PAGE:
Passive preamp

I have constructed a passive preamp (read a 100 kohm pot and nothing else)

Now I read somewhere on the net, that a preamp should have a high input resistance and a very low output resistance (which is not possible with a pot alone).

I know that if the input resistance gets too low, the will source act up, but what about high output resistance and power amp? What problems are there on that front?

Best regards
Flemming J P
You should keep impedances as low as possible.
A preamp output should be lower than the recieving input, otherwise even a short cable will act as a significant low pass filter, and will be very prone to RF influence (try your passive pre with a non-screened cable).

So 100k is IMHO far too much for a passive preamp, even 10k is critical. Try to get pot as low as your CD can drive. But as a matter of fact CD players usually can drive low impedances not very well, also because of their relativly high output impedance. And amps usually are much better driven by low impedances.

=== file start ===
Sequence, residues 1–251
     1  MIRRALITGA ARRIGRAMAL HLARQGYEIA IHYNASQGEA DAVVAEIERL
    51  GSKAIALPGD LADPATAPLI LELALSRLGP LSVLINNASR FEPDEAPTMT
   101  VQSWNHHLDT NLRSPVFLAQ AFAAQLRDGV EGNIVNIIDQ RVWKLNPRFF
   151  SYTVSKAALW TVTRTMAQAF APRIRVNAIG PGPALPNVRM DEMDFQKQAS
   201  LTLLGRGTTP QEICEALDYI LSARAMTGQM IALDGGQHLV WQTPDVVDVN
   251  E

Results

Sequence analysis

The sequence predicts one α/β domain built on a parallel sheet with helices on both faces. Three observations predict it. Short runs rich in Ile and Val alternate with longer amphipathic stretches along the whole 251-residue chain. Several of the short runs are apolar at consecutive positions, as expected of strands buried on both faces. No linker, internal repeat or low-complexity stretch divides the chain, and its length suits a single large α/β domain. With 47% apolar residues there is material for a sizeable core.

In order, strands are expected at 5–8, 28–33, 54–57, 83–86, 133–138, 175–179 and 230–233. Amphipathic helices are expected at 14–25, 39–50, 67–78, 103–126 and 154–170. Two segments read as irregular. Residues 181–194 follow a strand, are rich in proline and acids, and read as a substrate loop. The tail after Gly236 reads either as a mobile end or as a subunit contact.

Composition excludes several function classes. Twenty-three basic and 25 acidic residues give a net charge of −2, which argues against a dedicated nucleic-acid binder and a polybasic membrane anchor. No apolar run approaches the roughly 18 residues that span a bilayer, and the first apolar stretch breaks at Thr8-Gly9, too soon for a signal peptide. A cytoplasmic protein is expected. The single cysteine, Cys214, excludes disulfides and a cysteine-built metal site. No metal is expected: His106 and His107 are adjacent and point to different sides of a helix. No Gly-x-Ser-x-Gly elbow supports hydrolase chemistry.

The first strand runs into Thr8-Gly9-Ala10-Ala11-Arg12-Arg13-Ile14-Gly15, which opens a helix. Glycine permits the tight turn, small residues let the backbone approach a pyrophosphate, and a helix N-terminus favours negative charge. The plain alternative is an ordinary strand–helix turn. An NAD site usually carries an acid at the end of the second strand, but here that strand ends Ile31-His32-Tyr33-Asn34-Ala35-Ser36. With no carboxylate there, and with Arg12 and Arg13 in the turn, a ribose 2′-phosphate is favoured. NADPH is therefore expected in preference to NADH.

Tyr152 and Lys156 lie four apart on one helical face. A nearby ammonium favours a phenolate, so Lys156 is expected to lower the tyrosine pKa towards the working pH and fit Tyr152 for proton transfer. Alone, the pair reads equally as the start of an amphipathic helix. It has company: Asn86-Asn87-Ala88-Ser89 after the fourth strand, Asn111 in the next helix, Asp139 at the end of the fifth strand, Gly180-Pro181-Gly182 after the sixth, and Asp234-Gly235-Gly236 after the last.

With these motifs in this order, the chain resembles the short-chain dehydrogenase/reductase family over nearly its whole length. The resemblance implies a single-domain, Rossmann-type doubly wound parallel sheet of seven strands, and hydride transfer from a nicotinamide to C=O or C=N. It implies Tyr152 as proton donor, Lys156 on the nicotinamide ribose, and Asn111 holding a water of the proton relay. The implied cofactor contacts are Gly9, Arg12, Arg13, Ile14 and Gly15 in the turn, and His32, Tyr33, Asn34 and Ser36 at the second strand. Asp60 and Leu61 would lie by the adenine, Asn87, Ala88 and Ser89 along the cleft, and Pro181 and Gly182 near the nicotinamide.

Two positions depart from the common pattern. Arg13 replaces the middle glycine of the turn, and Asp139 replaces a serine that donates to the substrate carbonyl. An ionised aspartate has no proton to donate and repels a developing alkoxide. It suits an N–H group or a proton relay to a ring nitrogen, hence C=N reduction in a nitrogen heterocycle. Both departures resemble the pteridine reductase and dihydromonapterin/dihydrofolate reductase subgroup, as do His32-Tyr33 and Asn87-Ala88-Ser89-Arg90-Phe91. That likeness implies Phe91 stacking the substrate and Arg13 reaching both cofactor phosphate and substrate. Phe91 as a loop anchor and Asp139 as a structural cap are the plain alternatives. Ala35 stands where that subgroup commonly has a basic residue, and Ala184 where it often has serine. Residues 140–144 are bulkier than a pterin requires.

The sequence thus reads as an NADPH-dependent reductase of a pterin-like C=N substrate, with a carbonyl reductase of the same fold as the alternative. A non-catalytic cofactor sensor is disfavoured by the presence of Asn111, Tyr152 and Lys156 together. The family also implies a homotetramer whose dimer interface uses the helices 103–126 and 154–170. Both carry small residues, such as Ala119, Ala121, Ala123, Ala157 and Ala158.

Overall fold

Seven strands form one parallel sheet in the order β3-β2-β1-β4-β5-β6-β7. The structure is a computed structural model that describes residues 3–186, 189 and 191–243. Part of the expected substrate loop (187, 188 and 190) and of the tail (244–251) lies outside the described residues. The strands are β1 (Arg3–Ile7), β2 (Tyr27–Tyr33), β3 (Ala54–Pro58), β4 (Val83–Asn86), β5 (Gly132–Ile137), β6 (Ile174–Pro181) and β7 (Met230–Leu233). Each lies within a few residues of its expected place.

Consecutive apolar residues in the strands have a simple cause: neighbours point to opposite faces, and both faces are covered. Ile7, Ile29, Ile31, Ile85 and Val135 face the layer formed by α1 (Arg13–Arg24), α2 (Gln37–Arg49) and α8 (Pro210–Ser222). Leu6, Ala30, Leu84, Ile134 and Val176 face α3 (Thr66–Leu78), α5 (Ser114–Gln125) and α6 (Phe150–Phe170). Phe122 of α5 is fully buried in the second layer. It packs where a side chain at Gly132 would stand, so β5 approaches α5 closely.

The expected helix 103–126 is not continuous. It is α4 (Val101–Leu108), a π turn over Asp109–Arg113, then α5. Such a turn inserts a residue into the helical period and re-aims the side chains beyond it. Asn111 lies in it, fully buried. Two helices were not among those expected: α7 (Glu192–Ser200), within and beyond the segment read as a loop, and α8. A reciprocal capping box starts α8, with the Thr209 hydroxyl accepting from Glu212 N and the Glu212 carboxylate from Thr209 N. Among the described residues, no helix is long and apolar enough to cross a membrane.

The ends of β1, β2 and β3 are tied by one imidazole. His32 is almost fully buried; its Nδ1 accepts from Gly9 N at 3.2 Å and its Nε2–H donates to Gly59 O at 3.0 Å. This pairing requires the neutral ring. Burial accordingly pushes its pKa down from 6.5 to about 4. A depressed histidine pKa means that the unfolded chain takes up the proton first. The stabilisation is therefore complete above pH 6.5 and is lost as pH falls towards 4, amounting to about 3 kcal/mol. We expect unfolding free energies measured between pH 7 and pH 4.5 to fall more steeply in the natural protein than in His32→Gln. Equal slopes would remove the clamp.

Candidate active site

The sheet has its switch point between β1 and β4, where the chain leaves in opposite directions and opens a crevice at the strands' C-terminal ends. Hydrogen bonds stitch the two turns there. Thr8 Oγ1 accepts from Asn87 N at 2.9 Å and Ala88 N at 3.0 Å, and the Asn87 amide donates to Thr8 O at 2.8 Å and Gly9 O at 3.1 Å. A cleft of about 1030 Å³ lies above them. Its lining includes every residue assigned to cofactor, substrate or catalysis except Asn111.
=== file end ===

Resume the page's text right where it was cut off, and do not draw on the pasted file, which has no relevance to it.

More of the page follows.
100k for me only seems suitable with an all-tube chain and short and very well screened cables.

Read more about the eventually at about the output-pot of the BalZen and the AlephP.
There is al lot of theory material about that in the net.

My personal experience with passive pres is mixed. Usually it is better to add a high-quality impedance converter at least. I tried a 100k pot once which sounded much worse than my usual preamp.

good luck
Hmmmm and I thought it was simple.

I had a minor problem with just using the 100 kohm pot, which was that the input signal was way too high, so a very steady hand was needed when turning the pot.

I have changed it a bit now. The input first runs through a 100 kohm resistor and then into a 10 kohm pot. This works like a charm. This should also be better! The amp now sees max 10 kohm and the input sees 110 kohm.

Both solutions sounds far more detalied than the original preamp. The old preamp that I've bypassed is the one found in the sansui AU-719.